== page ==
The other extreme—having too much to do—also inspires bouts of emotional eating. On particularly stressful days at work, Ericka Guthrie Dorsey copes by indulging in elaborate meals of potato chips and candy (she keeps a stash in her desk drawer along with a jar of goodies on her desk).
"I know it's not great for my health, but on those days when work gets really frantic, I opt for junk food (like the candy or chips and salsa I keep in my desk) instead of eating a proper meal." —Ericka Guthrie Dorsey
Joy Y. Baltimore was working full-time during the day while studying at night to become a chiropractor. She says that during the school year she would come home, sit down in front of the computer and eat a half gallon of ice cream without even realizing it.
"When I was in night school studying to be a chiropractor and working full-time during the day, I would come home and eat a half gallon of ice cream without even realizing it. I've been on a weight- loss program and I'm trying to make healthier choices, but it's hard." —Joy Y. Baltimore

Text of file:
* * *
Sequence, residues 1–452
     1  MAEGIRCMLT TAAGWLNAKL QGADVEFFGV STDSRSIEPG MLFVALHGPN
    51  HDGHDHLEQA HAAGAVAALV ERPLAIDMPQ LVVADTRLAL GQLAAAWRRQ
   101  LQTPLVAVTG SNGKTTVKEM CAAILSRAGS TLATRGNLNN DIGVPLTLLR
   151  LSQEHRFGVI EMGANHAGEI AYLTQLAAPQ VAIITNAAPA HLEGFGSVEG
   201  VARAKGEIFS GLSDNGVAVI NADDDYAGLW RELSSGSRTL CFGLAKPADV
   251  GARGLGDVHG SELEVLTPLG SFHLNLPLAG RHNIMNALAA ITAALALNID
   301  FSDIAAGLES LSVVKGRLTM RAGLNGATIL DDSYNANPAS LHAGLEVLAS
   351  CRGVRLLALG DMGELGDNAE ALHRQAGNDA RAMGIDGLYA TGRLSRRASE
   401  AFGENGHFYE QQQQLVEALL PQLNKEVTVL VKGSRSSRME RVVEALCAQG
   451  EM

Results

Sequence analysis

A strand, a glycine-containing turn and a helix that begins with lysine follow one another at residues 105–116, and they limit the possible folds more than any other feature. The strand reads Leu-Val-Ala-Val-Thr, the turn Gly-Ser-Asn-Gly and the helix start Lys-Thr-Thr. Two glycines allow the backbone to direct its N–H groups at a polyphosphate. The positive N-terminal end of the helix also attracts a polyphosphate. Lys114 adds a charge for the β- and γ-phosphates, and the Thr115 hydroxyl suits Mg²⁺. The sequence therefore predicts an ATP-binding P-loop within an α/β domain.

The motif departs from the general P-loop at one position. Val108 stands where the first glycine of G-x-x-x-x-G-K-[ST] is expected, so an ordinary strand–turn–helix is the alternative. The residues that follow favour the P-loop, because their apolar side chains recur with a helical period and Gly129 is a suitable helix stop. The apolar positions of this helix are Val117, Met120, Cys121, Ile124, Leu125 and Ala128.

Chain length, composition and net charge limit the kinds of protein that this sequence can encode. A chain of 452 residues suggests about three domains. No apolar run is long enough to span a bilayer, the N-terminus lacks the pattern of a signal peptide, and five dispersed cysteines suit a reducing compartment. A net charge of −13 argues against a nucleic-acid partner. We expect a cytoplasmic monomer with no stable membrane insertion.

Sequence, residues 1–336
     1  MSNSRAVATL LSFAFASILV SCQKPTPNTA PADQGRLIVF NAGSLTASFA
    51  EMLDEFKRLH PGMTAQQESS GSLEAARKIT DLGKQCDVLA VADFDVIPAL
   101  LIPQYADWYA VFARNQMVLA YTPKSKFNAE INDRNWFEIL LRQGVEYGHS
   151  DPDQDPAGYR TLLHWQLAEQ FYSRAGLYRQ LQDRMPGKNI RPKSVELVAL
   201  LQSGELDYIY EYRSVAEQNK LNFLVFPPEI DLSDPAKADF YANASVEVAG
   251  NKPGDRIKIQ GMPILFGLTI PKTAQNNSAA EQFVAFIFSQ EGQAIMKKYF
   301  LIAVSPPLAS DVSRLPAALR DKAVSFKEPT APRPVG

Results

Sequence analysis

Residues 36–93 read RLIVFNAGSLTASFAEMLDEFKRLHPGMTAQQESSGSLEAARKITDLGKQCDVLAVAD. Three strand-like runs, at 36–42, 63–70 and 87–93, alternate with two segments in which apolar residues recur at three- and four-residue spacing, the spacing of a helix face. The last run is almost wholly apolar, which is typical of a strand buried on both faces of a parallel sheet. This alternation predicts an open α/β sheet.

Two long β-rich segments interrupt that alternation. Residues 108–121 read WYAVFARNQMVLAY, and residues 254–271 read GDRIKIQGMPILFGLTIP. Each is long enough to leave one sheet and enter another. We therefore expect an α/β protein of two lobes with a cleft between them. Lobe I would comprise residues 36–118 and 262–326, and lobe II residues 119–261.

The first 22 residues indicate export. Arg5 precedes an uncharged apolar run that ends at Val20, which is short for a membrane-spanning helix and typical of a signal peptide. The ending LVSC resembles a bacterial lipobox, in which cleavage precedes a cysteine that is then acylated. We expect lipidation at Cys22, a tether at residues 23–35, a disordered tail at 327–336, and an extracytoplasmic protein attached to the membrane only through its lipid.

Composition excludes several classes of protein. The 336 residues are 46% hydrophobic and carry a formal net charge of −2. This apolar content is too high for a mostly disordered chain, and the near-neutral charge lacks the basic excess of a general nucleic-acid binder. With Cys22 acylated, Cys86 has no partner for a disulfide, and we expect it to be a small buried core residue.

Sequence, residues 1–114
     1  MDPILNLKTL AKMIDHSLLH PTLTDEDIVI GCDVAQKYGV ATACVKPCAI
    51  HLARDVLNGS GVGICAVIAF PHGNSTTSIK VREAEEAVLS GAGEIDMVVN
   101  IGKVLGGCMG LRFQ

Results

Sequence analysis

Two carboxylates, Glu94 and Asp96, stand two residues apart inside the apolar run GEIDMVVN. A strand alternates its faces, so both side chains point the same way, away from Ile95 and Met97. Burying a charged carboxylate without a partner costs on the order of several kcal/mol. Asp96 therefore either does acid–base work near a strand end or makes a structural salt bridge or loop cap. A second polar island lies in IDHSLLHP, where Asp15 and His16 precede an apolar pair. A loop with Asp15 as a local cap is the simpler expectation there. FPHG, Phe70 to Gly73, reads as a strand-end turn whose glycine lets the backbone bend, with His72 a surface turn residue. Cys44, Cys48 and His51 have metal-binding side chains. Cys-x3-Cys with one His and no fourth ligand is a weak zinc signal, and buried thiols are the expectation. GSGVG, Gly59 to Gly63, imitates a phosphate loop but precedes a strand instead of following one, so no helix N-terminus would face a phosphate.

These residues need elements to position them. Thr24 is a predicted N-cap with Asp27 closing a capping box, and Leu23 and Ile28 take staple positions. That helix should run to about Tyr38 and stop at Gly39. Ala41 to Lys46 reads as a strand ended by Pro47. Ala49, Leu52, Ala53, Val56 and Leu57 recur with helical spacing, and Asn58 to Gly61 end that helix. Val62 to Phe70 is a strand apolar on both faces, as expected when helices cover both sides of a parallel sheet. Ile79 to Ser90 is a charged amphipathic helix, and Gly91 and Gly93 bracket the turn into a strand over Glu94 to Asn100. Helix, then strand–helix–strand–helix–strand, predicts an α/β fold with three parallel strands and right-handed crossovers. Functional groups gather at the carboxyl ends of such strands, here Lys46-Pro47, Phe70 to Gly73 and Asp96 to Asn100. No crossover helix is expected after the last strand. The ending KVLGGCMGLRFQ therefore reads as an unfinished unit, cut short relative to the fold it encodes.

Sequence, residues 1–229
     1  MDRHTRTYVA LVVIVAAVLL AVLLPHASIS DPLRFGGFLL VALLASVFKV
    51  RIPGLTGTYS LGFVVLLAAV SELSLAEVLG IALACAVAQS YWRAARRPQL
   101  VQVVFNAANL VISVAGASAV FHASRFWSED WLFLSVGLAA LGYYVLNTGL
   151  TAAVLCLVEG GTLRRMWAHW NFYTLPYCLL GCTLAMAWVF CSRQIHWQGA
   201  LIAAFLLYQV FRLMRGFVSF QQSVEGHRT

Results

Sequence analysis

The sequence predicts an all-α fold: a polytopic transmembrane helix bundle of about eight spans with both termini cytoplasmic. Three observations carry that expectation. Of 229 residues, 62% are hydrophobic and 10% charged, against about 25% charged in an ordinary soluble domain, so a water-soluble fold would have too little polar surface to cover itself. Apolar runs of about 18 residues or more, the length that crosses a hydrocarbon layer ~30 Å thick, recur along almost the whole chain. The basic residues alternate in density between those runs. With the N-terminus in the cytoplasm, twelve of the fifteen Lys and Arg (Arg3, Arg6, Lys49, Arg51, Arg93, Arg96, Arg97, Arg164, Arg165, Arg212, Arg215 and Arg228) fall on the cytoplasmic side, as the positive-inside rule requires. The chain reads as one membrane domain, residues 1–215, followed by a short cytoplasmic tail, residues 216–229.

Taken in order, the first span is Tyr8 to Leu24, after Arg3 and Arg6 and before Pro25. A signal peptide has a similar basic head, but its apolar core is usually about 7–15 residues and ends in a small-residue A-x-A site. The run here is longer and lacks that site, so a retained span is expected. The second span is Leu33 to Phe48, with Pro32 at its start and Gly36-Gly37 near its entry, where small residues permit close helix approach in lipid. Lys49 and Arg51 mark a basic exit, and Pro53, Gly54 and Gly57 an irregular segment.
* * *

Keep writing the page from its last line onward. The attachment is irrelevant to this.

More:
These women are all making the same mistake—it's one of the most common I see: They've put one aspect of their lives ahead of every other. They've convinced themselves that in order to be successful at that one thing, another aspect of their lives—such as their health—might have to suffer. In the cases of Dorsey and Baltimore, it's their careers; for other women, it may be their husbands' needs that take precedence. Oprah found herself in a similar situation: Not until she put her talk show in second place for a while was she able to gain a measure of control over her emotional eating.
Next: Other ways emotions can influence eating
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